April 22, 1863
---Grierson’s Raid: With the 7th and 8th Illinois Cavalry Regiments, Col. Grierson pushes further southward toward Louisville, Mississippi. He detaches B Troop of the 7th Illinois, under Capt. Henry Forbes, to strike at the railroad in Macon, 30 miles to the east. Grierson and the main column arrive at Louisville late in the day, and find the town boarded and shuttered to the Yankee arrival.
---George Templeton Strong writes about the war, black troops, and his own thoughts, in his journal, while revealing a surprisingly astute understanding of the role of slavery in propping up the Southern state---and a surprisingly prescient speculation about the future progress of the war:
Then there is the great fact that Negro enlistments seem cordially approved by the Army at the West---at Cairo, Memphis, and elsewhere. Black regiments are (or soon will be) adopted into the national army with as little objection to their color as would be made to the use of a corral of black horses captured from the rebels, and our consent to let niggers enlist and fight is a heavier blow to the rebels than the annihilation of General Lee’s army would be.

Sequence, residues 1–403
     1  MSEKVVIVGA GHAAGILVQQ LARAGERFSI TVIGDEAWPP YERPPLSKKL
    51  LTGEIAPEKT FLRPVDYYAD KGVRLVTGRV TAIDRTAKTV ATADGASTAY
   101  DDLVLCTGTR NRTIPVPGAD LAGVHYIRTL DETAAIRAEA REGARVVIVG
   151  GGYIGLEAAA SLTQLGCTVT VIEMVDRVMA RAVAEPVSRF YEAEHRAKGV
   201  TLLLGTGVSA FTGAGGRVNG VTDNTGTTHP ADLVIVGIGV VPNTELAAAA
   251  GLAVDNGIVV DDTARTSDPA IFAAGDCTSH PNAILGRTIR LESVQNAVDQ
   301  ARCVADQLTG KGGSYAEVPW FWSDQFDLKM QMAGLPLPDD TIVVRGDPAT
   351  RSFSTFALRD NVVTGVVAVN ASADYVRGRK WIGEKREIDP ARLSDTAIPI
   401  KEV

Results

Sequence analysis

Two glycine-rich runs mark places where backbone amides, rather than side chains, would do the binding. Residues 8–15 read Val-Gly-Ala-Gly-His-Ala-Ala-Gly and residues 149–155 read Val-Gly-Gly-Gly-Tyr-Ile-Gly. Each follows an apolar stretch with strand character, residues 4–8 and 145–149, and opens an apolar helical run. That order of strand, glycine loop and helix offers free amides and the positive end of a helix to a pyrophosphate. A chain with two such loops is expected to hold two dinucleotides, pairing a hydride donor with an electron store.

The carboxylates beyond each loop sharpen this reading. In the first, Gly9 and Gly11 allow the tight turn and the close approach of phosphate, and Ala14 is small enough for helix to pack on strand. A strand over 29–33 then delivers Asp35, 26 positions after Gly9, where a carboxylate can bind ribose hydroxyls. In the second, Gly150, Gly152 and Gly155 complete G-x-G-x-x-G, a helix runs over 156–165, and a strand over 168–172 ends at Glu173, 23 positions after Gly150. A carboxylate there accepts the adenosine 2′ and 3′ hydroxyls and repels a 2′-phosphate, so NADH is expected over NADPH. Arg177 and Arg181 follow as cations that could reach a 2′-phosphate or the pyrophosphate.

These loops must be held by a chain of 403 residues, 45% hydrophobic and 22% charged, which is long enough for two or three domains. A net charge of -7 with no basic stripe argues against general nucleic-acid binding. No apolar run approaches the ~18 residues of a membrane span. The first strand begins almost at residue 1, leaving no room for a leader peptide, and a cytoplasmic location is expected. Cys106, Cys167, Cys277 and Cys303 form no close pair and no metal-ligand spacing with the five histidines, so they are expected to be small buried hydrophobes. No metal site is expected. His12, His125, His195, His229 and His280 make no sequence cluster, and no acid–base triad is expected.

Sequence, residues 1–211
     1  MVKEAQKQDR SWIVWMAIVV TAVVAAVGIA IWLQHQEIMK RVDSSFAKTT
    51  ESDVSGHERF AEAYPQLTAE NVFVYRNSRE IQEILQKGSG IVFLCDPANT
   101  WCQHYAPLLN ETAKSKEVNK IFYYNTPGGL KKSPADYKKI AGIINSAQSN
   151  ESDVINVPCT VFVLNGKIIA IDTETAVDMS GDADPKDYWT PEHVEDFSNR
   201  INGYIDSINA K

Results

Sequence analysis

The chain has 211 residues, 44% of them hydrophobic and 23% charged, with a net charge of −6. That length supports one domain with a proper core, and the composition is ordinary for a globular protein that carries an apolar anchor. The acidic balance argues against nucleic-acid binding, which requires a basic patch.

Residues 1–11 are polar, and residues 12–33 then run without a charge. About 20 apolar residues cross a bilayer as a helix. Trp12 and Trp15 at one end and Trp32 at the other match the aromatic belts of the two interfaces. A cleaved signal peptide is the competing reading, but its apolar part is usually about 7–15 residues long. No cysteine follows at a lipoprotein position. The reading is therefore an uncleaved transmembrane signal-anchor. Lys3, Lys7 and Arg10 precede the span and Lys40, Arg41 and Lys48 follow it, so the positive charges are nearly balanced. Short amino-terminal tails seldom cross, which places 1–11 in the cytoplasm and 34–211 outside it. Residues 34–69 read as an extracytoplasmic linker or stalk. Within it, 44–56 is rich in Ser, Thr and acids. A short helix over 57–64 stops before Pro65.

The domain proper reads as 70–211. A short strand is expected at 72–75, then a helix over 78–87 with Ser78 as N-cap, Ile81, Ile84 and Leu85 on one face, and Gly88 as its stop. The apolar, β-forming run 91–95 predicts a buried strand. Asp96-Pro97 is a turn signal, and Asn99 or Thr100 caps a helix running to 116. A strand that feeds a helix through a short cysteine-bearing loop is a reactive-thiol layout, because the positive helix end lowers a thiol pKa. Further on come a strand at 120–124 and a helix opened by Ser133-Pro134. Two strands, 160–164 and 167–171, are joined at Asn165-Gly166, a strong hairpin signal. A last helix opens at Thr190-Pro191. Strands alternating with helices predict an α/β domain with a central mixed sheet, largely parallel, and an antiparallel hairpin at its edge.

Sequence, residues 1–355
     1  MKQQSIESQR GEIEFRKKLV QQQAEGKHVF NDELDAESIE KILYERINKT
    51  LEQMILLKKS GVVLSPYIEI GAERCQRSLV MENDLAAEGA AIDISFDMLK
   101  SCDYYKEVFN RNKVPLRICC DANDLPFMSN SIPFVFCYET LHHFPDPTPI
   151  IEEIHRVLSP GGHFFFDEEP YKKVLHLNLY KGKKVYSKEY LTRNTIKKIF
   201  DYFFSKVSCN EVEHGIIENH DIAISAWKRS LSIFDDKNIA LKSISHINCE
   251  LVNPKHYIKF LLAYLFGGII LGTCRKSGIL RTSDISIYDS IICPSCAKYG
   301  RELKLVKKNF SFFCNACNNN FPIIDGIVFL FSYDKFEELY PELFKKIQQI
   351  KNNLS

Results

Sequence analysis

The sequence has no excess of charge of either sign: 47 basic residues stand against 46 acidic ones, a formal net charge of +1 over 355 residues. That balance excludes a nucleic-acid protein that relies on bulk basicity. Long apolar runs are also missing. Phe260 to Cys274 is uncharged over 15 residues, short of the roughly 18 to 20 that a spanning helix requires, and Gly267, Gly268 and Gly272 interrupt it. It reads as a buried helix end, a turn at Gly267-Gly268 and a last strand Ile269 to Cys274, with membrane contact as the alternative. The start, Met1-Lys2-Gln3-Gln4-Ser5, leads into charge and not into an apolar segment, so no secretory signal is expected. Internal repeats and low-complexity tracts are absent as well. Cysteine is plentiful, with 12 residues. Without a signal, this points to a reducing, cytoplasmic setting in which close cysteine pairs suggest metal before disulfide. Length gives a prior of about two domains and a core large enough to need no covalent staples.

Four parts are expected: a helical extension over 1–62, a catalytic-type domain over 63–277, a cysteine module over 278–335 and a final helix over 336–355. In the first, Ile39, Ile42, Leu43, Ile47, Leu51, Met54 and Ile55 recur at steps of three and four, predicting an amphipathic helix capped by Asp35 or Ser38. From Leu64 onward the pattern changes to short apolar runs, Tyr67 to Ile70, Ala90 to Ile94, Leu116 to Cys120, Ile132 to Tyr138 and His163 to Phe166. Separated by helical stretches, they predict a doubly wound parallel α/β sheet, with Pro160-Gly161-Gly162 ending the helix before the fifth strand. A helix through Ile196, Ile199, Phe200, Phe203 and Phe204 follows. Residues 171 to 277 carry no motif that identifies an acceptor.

All these indications forbid us to despair of the republic. But, unlike Seward, I expect no suppression of the rebellion with sixty or ninety days. Nor do I desire it. News of overtures of Jefferson Davis & Co. tomorrow would be worse than news of a grea crushing defeat suffered by Hooker, Grant, or Rosecrans. There can be no stable equilibrium and permanent peace till the peculiar institutions of the South have been broken up and ground to powder, and to do this requires at least two more years of war, and perhaps a period of Southern success and invasion of Northern territory, stimulating the North to begin fighting in earnest, which it has not even yet begun to do.